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It is known a version of Adjoint Functor Theorem for locally presentable categories, which says that a functor between such categories has a left adjoint iff it is continous (i.e. preserves all limits) and accessible (preserves $\lambda$-filtered colimits for some cardinal $\lambda$) (see for this Theorem 1.66 of J. Adamek, J. Rosicky, "Locally Presentable and Accessible Categories", London Math. Soc. Lecture Notes, Cambridge, 1994). My question is then to find an example of a continous functor between locally presentable categories which is not accessible.

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Isn't this one of those things that only exists if we assume the negation of Vopenka's principle? –  Harry Gindi Jul 6 '11 at 20:23
Thanks! It could be, but I don't know any reference. –  George C. Modoi Jul 6 '11 at 20:32
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2 Answers

up vote 11 down vote accepted

The following example was coincidentally mentioned by André Joyal on the categories mailing list today; he attributed it to Mac Lane. For every infinite cardinal number k, let $G_k$ be a simple group of cardinality k. Define the functor ML: Group → Set to be the product of all the representable functors $\mathrm{Hom}(G_k,-)$. Since no group can admit a nontrivial homomorphism from proper-class-many of the $G_k$, this functor does indeed land (or can be redefined to land) in Set. Since it is a product of representables, it is continuous (and of course Group and Set are locally presentable), but it is not itself representable (hence has no left adjoint).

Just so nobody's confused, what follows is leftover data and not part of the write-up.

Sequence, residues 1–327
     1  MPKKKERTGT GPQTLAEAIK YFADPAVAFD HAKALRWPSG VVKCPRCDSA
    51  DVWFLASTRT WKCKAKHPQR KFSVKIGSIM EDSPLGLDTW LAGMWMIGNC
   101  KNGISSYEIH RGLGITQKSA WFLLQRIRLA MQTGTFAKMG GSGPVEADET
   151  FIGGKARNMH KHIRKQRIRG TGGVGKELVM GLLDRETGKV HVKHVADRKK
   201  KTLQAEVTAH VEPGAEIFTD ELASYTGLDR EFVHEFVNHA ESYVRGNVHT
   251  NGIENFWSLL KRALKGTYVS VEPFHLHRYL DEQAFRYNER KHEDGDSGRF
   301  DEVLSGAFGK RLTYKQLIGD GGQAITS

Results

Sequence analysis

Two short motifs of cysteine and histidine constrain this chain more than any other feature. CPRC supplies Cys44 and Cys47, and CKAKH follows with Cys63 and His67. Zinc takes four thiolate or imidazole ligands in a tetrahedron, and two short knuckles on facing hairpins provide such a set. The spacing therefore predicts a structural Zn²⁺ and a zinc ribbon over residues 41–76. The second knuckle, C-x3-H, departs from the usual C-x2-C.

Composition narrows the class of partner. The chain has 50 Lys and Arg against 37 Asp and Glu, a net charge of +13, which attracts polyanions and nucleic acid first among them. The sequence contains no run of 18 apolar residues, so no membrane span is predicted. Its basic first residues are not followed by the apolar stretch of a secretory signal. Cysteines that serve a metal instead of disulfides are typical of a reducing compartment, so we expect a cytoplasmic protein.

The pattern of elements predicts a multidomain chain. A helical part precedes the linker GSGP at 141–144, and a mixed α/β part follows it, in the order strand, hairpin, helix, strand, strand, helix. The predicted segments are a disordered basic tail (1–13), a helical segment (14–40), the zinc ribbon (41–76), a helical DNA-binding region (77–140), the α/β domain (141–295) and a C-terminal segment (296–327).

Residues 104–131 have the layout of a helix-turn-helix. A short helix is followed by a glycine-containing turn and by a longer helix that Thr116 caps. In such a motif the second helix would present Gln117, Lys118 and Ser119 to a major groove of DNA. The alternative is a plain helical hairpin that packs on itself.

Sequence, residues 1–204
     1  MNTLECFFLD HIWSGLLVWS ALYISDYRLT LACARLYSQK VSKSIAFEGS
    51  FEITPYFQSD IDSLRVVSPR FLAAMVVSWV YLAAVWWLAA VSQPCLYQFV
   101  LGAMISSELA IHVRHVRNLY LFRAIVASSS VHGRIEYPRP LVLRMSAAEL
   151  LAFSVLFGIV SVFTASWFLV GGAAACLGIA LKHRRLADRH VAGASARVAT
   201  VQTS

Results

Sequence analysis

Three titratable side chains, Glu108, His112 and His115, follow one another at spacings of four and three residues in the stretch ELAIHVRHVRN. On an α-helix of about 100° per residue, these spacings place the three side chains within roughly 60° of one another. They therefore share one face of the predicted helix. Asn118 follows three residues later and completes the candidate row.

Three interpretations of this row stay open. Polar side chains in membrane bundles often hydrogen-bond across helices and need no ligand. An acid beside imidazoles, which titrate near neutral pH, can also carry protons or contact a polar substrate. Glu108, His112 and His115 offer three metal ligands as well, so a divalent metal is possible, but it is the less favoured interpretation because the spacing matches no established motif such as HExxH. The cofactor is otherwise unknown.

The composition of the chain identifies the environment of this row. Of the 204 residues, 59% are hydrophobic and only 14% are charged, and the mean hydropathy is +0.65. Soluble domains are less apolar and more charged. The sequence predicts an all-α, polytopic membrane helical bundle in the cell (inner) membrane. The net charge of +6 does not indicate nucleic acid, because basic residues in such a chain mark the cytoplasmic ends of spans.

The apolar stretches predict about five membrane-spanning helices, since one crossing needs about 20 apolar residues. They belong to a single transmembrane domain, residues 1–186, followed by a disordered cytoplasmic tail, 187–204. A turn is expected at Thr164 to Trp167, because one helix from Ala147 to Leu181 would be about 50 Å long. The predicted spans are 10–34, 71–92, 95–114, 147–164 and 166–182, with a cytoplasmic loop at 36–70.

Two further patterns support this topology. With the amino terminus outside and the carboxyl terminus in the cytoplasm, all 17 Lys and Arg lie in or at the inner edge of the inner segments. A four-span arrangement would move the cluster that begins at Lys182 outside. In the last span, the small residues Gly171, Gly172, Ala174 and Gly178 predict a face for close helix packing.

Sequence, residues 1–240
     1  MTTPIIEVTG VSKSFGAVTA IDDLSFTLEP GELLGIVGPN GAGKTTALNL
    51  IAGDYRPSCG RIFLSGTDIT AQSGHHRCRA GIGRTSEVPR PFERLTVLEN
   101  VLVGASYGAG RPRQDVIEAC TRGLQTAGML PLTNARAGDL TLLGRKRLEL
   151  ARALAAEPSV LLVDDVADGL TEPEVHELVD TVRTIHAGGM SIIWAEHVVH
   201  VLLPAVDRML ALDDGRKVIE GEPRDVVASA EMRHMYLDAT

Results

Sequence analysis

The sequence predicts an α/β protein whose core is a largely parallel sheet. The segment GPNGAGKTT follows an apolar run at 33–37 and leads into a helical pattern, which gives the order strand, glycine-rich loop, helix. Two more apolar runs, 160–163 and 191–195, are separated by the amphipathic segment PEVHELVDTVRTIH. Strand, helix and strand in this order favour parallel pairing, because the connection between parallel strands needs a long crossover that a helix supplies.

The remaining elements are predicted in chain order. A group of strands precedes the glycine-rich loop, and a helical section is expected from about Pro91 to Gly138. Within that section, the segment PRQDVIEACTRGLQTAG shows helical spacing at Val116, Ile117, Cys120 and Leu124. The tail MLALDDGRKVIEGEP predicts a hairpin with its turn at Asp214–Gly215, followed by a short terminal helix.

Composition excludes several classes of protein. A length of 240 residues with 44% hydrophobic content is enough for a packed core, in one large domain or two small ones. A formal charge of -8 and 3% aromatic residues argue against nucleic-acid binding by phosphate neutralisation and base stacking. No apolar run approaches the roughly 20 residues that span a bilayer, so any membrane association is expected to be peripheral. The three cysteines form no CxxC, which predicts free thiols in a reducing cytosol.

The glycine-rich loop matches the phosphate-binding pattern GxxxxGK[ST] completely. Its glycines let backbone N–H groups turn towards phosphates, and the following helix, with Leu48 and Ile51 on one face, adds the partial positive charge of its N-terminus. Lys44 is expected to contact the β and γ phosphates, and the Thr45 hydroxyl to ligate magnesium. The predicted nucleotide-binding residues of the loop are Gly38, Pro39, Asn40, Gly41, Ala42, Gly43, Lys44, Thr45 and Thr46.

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Wow, nice example. –  Todd Trimble Jul 13 '11 at 10:12
Great! Actually I seen the example in the paper J. Adámek, V. Koubek and V. Trnková, "How large are left exact functors?", 2001, Theory and Applications of Categories 8 [2001], 377-390, but I was dummy! –  George C. Modoi Jul 13 '11 at 10:54
It's also a nice short reason for why the category of groups is not cototal. –  Todd Trimble Jul 14 '11 at 16:01
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Not really an answer, but here's what I know:

relationship with Vopenka's principle

the weak Vopenka's principle

Assuming the weak Vopenka's principle, every full and faithful continuous functor has a left adjoint (this is in fact equivalent to it: Theorem 6.22 in the Adamek-Rosicky book). So, under this assumption, you need to look for a non fully faithful continuous functor.

accessibility and the solution set condition

In general, a functor $F \colon A \to B$ between accessible categories is accessible iff the induced functor between the corresponding arrow categories: $$\overrightarrow{F} \colon \overrightarrow{A} \to \overrightarrow{B}$$ satisfies the solution set condition (as in Freyd's General Adjoint Functor Theorem).

Now, under the strong Vopenka's principle, we have the stronger

$F$ accessible iff $F$ satisfies the solution set condition

This is in Rosicky, Tholen - Accessibility and the solution set condition - JPAA

This coupled with the above, yields that the reflective subcategory is in fact locally presentable. Even more,

($A$ full reflective subcategory of a locally presentable $B$ $\Rightarrow$ $A$ locally presentable) is equivalent to the strong Vopenka's principle.

All of the examples I know of about continuous functors not satisfying the solution set condition tend to make essential use of size in the domain category (those in MacLane, for example), none of them being locally presentable.

the dual problem

I'm pretty sure you know this, but anyway: the dual problem ($F$ having a right adjoint) is straightforward: locally presentable categories are total, and for total categories $F$ has a right adjoint iff it is cocontinuous

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Many thanks Eduardo! I'm just seeing the answer but it seems to have a lot to think! –  George C. Modoi Jul 12 '11 at 20:54
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